Abandoned & Little-Known Airfields:

Southern Nevada

© 2002, © 2011 by Paul Freeman. Revised 12/31/11.

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Chicken Ranch Airfield (revised 6/13/08) Scotty's Intermediate Field / Bonnie Claire Airport (revised 12/31/11)

Scotty Airport / Bonnie Claire Lake Landing Strip (revised 12/31/11) - Lathrop Well Airport / Jackass Aeropark (revised 12/25/08)

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Lathrop Wells Airport / Jackass Aeropark (U75), Amargosa Valley, NV

36.64 North / 116.41 West (Northwest of Las Vegas, NV)

Lathrop Wells Airport, as depicted on the February 1949 Mt. Whitney Sectional Chart (courtesy of Chris Kennedy).

Photo of the airfield while open has not been located.



The Lathrop Wells Airport was evidently established at some point between 1946-49,

as it was not yet depicted at all on the February 1946 Mt. Whitney Sectional Chart (according to Chris Kennedy).

The earliest depiction of the field which has been located

was on the February 1949 Mt. Whitney Sectional Chart (courtesy of Chris Kennedy).

It depicted Lathrop Wells as having a 4,700' unpaved runway.



Lathrop Wells Airport was still depicted on the May 1957 Mt. Whitney Sectional Chart (according to Chris Kennedy),

with the listed runway length having grown slightly to 5,000'.



The Lathrop Wells Airport was evidently closed (for reasons unknown) at some point between 1957-59,

as it was no longer depicted at all on the March 1959 Mt. Whitney Sectional Chart (according to Chris Kennedy).



The Lathrop Wells Airport was depicted on the 1961 USGS topo map as having 2 runways.

It was merely labeled “Airstrip”, so it may not have been in operation at that time.



No airfield was depicted at this location on the June, 1963 Mt. Whitney Sectional Chart (according to Chris Kennedy).



At some point between 1963-64, a new longer runway was constructed adjacent to the west side of the original airfield,

reopening under the name of Jackass Aeropark.

The June 1964 Mt. Whitney Sectional Chart (courtesy of Chris Kennedy)

depicted Jackass as having a 6,200' unpaved runway.



The 1968 Flight Guide (courtesy of Chris Kennedy)

depicted Jackass as having a single 6,250' unpaved Runway 14/32,

with a taxiway leading to a single hangar to the northeast.

The 2 closed runways of the original Lathrop Wells Airport were also depicted to the northeast.



The 1971 Las Vegas Sectional Chart (courtesy of Vince Granato)

depicted Jackass as having a 6,200' unpaved runway.



The 1994 USGS topo map depicted the Jackass Aeropark

as having a single paved runway, oriented northwest/southeast.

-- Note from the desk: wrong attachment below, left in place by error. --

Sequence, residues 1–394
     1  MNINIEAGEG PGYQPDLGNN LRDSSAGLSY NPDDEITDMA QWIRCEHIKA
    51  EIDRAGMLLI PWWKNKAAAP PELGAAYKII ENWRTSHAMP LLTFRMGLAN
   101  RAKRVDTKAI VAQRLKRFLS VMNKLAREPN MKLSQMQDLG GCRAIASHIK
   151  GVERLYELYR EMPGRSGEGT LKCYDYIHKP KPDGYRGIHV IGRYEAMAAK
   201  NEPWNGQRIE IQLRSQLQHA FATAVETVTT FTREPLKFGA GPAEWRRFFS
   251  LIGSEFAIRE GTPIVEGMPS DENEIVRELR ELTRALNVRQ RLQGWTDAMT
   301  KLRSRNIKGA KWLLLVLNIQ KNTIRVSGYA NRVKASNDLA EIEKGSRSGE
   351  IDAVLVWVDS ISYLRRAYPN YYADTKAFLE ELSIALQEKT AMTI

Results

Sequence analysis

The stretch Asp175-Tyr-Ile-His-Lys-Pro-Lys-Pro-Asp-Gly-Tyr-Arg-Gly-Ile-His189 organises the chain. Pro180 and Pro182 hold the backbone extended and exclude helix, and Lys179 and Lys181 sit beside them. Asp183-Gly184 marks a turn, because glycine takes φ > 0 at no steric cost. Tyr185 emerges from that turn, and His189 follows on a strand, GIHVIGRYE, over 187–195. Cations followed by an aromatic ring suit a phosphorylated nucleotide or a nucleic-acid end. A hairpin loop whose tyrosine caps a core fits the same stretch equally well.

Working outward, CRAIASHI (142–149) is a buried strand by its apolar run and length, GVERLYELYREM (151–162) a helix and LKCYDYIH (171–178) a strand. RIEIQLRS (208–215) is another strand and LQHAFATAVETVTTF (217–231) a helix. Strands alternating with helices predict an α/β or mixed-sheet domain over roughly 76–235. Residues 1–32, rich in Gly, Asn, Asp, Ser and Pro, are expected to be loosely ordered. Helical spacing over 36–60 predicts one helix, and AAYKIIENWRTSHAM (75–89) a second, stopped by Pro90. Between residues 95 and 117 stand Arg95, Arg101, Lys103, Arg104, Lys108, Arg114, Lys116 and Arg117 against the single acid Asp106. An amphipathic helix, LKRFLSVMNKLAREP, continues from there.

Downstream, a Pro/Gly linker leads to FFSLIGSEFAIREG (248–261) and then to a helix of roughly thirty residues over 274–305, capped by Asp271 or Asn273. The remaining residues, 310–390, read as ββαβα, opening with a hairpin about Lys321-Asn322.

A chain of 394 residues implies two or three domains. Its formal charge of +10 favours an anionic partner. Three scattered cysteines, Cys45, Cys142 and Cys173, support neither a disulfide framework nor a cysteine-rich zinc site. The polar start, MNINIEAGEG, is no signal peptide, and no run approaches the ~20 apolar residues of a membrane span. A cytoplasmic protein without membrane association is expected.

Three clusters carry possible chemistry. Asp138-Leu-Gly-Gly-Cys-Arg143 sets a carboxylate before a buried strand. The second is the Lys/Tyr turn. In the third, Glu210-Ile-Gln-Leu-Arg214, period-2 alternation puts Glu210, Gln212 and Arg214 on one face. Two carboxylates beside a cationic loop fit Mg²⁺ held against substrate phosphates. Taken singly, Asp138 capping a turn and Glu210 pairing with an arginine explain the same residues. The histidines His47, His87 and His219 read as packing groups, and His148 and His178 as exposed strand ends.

A taxiway led northeast toward a single hangar.



The 1998 USGS aerial photo depicted the single northwest/southeast paved runway,

along with the 2 earlier unpaved runways of the original Lathrop Wells Airport,

oriented roughly east/west & north/south, paralleling the adjacent roads.



The December 2003 NV Department of Transportation airport diagram

depicted Jackass Aeropark as having a single 6,200' dirt Runway 14/32.

A taxiway led to a single hangar, containing 8 covered tie-downs.



Jan Cameron (chairwoman of the Amargosa Valley Advisory Board) reported in 2004

that the Jackass Aeropark was the only airport in Nye County capable of taking jets.

A Boeing 737 has on at least on occasion landed there, she said.

Upgrade plans for the airport were discussed in 2004, but were not implemented.



The last aeronautical chart depiction which has been located of the Jackass Aeropark

was on the March 2004 Las Vegas Sectional Chart (courtesy of Chris Kennedy).

It depicted Jackass as having a 6,200' unpaved runway.



The Jackass Aeropark was evidently abandoned at some point between 2004-2006,

as it was no longer depicted at all on the 2006 Las Vegas Sectional Chart.



A 2006 photo by Pen Parks, looking along the former paved runway at Jackass Aeropark.

Pen reported, “It was paved at one time, 1.2 miles long & 130 feet wide,

with a taxiway to a hangar & tiedowns from the center.”



A 2006 photo by Pen Parks, looking northeast along the former taxiway toward the abandoned hangar at Jackass Aeropark.



A 2006 photo by Pen Parks of the abandoned former hangar at Jackass Aeropark.



A circa 2006 aerial view looking north at Jackass Aeropark.



Jackass Aeropark is located west of the intersection of Route 95 & Route 373.

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Chicken Ranch Airfield, Pahrump, NV

36.07 North / 115.95 West (West of Las Vegas, NV)

The Chicken Ranch Airfield, as depicted on the October 1980 Las Vegas Sectional Chart (courtesy of Chris Kennedy).



This private airfield was established by the Chicken Ranch brothel - one of the more unusual operators of a private airfield.

No runway was yet depicted at this location on the 1958 USGS topo map.

It may have been established as far back as the 1960s,

as Dan Eikleberry reported in 2006, “They have had a runway for 'commuters' from Las Vegas on & off for about 40 years.

Sometimes it shows up on sectional charts, sometimes it doesn't.”



No airfield at this location was depicted on the 1971 Las Vegas Sectional Chart (courtesy of Vince Granato).



According to Dan Eikleberry, “There was an air-taxi from [Las Vegas] McCarran Airport in the 1970's & 1980's

who advertised & flew Cessna 182's to & from the Chicken Ranch.”